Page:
The crazy story of the two paintings of Van Gogh stolen by a drug baron

The crazy story of the two paintings of Van Gogh stolen by a drug baron

Jean Dubreil | Aug 31, 2021 4 minutes read
 

Raffaele Imperiale will be extradited to Italy from Dubai in the United Arab Emirates. He is believed to be a leader of the Amato–Pagano gang in the Camorra. The drug baron claims to have purchased Van Gogh paintings worth 20 millions EUR for their artistic value. He has been captured.

The drug baron claims to have purchased Van Gogh paintings worth EUR20m for their artistic value. He has been captured

Raffaele Empire will be extradited to Italy from Dubai in the United Arab Emirates. He is likely to face serious drug charges in Italy. Five years ago, he was the subject of a sensational police report in Italy when he discovered two Van Gogh landscapes that had been stolen from Amsterdam's Van Gogh Museum. They were hidden in a house near Naples. The case of Imperiale confirms the long-rumored links between art theft and the drug trade.

According to the Italian authorities, Imperiale is believed to be a leader of the Amato–Pagano gang in the Camorra. This Mafia-style organization operates in the Naples region. The gang is described as "one the most active and dangerous criminal groups." Imperiale was named as one of the six most wanted criminals in Italy in January. He posed the "maximum risk". According to authorities, he is believed to be behind the illegal trafficking of cocaine from Latin America to Europe. On one occasion, Imperiale was also a skilled artist.

Two Van Gogh paintings, View of the Sea in Scheveningen (1882) and Congregation Leaving the Reformed Church of Nuenen (1884-1885) were taken from the Van Gogh Museum in 2002.

The two independent Dutch thieves, Octave Duke and Henk Bieselijn set up a ladder against the museum and climbed to the roof. They then broke through a window. They broke through a window and entered the museum. It took only a few minutes for the whole thing to happen. In 2004, both men were taken into custody and sentenced to several years imprisonment. They were released after they gave up the paintings. Detectives became convinced in 2010 that the Van Gogh landscapes had been transferred to the Camorra, an Italian organization. After a tip-off in September 2016, the Italian police raided Castellammare di Stabia's house, which is a beach resort located 25km south of Naples. This was Raffaele’s home. Hidden in a wall cavity next to the kitchen, they discovered the two unframed Van Goghs.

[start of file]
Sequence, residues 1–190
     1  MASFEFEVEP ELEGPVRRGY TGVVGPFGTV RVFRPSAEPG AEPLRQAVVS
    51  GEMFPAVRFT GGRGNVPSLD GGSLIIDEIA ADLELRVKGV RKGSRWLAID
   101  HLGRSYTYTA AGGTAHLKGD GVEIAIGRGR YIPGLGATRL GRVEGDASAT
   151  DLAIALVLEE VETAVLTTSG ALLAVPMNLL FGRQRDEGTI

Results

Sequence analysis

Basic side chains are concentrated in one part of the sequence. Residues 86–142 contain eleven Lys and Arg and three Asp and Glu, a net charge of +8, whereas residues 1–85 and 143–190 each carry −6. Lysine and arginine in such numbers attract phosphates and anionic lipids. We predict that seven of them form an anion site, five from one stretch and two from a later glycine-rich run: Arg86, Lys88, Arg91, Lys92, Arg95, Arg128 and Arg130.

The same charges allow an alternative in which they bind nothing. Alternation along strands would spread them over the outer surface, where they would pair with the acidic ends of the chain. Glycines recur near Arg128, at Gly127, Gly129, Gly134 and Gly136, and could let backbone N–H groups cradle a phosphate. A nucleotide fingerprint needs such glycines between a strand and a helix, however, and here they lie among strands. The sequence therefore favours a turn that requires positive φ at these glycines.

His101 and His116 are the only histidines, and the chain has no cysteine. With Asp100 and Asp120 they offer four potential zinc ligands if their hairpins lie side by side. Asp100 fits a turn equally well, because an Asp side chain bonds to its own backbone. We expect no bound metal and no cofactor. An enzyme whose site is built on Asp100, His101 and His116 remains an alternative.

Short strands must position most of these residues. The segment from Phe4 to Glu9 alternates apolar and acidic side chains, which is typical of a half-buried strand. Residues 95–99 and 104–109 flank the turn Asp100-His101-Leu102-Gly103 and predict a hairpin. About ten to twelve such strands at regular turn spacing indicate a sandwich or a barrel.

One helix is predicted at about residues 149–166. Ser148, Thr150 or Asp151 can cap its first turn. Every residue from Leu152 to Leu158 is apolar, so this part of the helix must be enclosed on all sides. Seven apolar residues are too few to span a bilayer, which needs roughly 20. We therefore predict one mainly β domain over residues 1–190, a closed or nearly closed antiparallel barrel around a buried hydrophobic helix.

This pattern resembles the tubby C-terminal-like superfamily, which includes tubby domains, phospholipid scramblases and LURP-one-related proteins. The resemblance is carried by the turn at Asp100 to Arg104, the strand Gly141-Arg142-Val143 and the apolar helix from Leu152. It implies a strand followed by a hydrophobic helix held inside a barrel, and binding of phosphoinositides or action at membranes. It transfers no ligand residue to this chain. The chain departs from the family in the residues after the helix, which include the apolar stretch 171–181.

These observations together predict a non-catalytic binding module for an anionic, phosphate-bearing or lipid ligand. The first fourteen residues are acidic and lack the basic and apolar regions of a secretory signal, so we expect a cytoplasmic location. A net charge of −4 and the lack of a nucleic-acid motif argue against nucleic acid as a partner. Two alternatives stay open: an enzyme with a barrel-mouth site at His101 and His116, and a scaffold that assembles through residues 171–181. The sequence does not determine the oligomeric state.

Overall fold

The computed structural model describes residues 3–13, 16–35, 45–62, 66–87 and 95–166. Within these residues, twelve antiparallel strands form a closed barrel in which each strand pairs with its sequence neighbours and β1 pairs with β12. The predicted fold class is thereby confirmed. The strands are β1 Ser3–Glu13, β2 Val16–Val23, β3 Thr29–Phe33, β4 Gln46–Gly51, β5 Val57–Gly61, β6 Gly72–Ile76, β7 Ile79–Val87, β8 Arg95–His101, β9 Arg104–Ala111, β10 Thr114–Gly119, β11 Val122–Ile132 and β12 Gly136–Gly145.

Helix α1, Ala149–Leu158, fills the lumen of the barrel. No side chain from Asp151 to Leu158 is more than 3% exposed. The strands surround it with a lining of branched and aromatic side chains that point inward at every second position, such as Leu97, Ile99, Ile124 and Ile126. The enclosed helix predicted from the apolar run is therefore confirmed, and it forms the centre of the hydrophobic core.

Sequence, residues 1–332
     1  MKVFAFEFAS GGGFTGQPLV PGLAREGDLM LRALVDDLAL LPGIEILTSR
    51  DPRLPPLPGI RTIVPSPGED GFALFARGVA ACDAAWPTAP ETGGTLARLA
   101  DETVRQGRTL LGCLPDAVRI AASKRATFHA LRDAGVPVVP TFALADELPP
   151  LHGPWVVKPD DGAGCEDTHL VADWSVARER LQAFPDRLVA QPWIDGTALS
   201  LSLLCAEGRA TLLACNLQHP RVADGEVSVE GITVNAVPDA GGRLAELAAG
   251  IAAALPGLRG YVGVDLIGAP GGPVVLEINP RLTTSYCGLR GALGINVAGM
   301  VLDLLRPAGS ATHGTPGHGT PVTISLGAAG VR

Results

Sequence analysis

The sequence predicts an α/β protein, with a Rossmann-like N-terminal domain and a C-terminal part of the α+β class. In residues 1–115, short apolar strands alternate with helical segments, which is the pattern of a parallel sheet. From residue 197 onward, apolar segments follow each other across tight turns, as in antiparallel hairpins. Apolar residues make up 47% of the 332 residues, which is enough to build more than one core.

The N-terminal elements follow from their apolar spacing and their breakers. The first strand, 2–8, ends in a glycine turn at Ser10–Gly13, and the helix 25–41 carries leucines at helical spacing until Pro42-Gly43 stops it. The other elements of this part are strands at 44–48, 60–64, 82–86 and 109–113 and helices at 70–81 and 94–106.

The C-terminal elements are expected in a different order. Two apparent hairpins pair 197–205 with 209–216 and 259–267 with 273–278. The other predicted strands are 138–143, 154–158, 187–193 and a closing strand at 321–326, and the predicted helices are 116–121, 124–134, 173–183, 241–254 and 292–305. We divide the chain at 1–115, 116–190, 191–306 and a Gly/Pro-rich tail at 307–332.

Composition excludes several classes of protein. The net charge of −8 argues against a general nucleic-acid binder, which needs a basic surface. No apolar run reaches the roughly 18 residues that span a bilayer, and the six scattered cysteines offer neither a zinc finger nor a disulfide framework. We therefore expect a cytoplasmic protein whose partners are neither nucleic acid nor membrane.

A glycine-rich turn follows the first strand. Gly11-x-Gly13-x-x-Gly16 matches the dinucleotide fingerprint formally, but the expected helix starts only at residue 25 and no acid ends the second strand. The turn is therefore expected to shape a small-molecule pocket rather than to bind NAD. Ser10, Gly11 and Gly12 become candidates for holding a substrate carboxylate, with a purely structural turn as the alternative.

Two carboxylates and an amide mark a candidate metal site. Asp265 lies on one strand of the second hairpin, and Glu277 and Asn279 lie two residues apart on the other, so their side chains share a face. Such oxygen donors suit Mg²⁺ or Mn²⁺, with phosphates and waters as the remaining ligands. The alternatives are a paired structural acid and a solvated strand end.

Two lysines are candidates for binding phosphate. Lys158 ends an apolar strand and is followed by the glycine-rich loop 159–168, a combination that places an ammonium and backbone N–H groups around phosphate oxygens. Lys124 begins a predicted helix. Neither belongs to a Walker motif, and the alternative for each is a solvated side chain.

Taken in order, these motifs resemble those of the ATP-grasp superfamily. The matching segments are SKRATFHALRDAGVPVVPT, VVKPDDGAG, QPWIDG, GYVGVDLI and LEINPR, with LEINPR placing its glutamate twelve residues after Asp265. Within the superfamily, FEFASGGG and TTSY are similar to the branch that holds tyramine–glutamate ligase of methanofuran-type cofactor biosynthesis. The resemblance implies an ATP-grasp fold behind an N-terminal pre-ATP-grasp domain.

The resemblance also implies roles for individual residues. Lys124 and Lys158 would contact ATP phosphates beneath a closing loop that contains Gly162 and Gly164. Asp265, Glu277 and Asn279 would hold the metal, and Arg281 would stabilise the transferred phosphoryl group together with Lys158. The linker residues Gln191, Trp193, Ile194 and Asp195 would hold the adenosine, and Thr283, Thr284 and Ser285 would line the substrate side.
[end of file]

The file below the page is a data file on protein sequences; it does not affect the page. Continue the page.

Congregation left the Reformed Church, Nuenen in a reasonably good condition. However, there was a small loss in the lower-left corner of View of the Sea in Scheveningen.

 I bought them [...] as I was conscious of their artistic value."


Two interesting discoveries were made by conservators in Amsterdam while restoring the damage. The paint contained a few grains of sand, which is evidence that Van Gogh worked at the beach just outside The Hague. Vincent had written to his brother Theo about the approaching storm. He wrote, "The wind was so strong, I couldn't stay on my feet and barely saw through the clouds of Sand,". There was also trace evidence of a fake signature on an authentic painting, which was probably added in 1903 by a Rotterdam dealer. Although the paintings were found, Imperiale had left Europe and was thought to be living in Dubai. In January, he gave a brazen interview to Il Mattino. He admitted to having the photos once but denied any involvement in the theft. Imperiale said: "I loved those Van Goghs. I bought them [...] as I was conscious of their artistic value." Imperiale explained that his artistic sensitivity was due to his father, who took him around museums and historic cities. Imperiale was at this point considered to be outside the scope of the law. However, an extradition agreement between Italy and UAE was recently in force. He was finally tracked down and arrested in Dubai on August 4.

The haul was valued by the Italian authorities at EUR20m after the 2016 seizure of Castellammare di Stabia. Why would Imperiale want paintings that are impossible to sell on the open market, though?

Sometimes, art is used as collateral by the underworld to purchase drugs. If a gang is looking to purchase cocaine from Latin America they may not be able to pay until the drugs are sold on the streets. The exchange of artwork for drugs can help bridge the gap. Once the street proceeds have been handed over, the artwork would be returned. Artwork in this situation would only be valued at a fraction of its market value.
Another motive for major art crime could be another. Crooks might hope that keeping a museum object "hostage” can be used as a bargaining tool to get concessions from the authorities.

The impending Italian trial of Imperiale could shed new light on the circulation of stolen paintings in the underworld.


Related Articles

Artmajeur

Receive our newsletter for art lovers and collectors